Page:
Help calm my heart, Jesus. Dad died four years ago today. I reckon the uptightness I feel about all the things I want to get done this week, wondering if I have enough time and fretting that I am indeed running out of time, keep me distant from the fact this is May 16, 2017 and so I breathe in and out and allow myself to feel and connect with what is true for me today. My brain is roiling – and so I pick up my pen and start to write.
I miss my Dad’s presence in my life
that stage of life that wasn’t shouting
“You are losing them”
when they were timeless, ageless.
You didn’t have to think of losing them
because they would always be
Then comes the inexorable march to
decline and you start to hope it happens
soon because you know it can’t get any better.
And even they want to “go home.”
Then the relief when it’s over
a curious blend of grief and gladness
with more gladness than
Because you know the difficult
end-of-life struggle for them, for you
and you want to be careful who you say
it to, because they might think you just
didn’t want to take care of them
anymore, and you knew you
couldn’t and now they are safely
After a while, you start to wonder about your own
death. And you fear for your children
going through the same process
with you if you live a long life
leading to a gradual
And you don’t want them to.
you pray for your children
knowing they will travel their own
journey with you, entrusting Jesus
to be present with them as he was
with you when your parent
You start to know and believe
this is part of the life we live
our souls wrapped here in this flesh.
and gradually you come to find comfort in
Psalm 116:5 (MSG) knowing
“When they arrive at the gates of death,
God welcomes those who
And after a while, you decide to share your journey even though some might not understand, because others, maybe even your kids, will experience something like you did and they can know there is nothing wrong with them. It’s part of life/death/dying and rising again.
Those of you who have been reading my blog for a long time might remember me writing about my difficulty attending my first Ash Wednesday Service. Since writing this, I have also buried my Dad. I still haven’t been to another Ash Wednesday service. I will spend time with Jesus each day and see where we go together. And I have ordered “unhurryUp! into Easter: A Lenten Pilgrimage,” recommended by a couple good friends from last year who know about my uneasy relationship with Lent, especially Ash Wednesday. I originally wrote this in 2012.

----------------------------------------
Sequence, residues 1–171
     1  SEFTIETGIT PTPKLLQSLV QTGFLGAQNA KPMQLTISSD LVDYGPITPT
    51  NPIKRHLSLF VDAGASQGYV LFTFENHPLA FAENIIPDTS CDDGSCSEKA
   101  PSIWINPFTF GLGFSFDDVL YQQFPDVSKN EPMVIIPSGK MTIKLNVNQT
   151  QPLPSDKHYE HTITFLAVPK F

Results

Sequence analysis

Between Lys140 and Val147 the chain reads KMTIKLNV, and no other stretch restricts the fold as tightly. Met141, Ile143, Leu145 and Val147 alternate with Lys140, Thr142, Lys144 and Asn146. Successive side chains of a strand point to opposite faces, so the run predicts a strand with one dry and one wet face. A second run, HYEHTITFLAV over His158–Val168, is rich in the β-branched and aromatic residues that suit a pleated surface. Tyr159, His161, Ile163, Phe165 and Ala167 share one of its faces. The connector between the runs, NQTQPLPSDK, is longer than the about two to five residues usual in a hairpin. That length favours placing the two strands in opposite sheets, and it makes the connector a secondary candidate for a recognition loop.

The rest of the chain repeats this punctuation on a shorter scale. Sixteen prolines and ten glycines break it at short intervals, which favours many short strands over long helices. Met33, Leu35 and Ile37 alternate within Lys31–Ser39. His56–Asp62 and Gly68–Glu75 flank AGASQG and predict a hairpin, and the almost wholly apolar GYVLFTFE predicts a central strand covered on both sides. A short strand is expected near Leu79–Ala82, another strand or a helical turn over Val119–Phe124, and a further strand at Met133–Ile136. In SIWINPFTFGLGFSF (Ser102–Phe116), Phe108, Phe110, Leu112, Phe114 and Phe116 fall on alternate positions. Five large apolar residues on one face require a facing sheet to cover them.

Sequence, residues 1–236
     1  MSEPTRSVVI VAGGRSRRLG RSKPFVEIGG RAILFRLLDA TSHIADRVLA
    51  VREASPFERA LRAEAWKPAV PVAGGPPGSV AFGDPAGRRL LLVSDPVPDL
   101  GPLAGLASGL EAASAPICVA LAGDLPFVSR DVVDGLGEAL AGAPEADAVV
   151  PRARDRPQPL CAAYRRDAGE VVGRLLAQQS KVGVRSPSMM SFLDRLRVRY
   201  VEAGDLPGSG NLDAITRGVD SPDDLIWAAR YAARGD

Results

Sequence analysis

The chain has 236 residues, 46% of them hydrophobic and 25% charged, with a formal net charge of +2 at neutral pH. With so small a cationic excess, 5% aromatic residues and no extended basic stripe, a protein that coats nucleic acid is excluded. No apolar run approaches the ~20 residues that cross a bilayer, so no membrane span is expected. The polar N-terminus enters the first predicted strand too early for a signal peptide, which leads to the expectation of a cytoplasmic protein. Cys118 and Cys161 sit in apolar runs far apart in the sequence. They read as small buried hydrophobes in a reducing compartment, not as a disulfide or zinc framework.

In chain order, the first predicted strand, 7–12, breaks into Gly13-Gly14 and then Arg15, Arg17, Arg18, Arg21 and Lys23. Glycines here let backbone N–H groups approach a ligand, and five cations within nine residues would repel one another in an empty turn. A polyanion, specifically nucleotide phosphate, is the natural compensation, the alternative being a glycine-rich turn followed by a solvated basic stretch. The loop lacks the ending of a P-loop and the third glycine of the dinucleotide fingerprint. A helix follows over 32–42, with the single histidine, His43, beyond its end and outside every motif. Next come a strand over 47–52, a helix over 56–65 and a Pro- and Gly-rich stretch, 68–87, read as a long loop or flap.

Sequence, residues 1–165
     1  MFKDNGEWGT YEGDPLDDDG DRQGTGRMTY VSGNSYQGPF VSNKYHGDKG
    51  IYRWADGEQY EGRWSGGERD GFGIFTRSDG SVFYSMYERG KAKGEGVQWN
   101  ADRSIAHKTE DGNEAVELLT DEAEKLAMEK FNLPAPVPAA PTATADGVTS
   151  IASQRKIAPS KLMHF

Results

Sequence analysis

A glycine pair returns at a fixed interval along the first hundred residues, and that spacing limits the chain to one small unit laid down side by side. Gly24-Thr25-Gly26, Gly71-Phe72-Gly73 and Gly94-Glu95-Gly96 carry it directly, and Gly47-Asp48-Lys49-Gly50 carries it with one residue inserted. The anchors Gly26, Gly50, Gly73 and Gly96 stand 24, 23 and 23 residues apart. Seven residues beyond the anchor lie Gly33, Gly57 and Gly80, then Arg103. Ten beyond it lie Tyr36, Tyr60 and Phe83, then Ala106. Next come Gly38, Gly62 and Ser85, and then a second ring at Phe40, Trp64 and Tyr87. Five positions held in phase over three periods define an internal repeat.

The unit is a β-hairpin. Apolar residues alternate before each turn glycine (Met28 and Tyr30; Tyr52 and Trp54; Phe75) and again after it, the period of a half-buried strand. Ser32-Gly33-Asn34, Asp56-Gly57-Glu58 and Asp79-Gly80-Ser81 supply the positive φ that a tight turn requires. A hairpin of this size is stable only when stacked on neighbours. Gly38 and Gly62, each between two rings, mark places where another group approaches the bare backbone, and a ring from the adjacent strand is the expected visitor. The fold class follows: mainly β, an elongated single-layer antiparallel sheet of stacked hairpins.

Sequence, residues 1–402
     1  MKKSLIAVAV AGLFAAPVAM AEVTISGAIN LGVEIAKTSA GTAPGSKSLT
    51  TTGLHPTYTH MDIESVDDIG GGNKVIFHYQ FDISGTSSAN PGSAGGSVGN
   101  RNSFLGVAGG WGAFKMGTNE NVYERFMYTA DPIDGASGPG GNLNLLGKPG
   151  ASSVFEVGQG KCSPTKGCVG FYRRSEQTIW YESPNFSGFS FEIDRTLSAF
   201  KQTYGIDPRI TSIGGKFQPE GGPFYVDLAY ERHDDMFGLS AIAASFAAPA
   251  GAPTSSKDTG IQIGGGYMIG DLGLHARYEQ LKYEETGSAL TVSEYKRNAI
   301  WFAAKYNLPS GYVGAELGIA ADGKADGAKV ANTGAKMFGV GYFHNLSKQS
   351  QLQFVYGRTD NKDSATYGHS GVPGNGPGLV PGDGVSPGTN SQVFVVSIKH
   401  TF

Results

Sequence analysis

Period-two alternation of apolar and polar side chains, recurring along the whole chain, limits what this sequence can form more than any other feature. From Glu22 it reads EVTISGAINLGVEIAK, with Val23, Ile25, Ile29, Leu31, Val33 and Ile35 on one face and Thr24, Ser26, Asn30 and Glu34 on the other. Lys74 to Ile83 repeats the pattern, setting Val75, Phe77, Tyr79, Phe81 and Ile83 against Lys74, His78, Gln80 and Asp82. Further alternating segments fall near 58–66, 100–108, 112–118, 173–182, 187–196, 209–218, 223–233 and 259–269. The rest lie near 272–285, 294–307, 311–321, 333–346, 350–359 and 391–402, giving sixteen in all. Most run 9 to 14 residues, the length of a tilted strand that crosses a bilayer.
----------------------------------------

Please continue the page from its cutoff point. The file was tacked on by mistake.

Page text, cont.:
And no, my cactus has not bloomed again in February!
* * * * * * * * * ** * * * * * *
This year on Ash Wednesday, I rejoiced in an “out of season bloom” from the cactus on my windowsill as God’s gift of Life and Beauty to me on a day that is to remind us of our mortality.
2012 was my first experience of living the Church year within a church community, although I have been experiencing my own Lenten meditations and readings for the last 4-5 years in my personal quiet times. Ash Wednesday ushers in the season of Lent. Ruth Haley Barton explains it this way: “As we receive the symbolic gesture of the imposition of ashes on our foreheads, we acknowledge our human finiteness and mortality. No matter who we think we are, receiving the ashes reminds us that, “You are dust and to dust you will return” (Genesis 3:19). This is not meant to be morbid; it is just meant to limit our grandiosity and help us to stay in touch with the real human condition we all share.”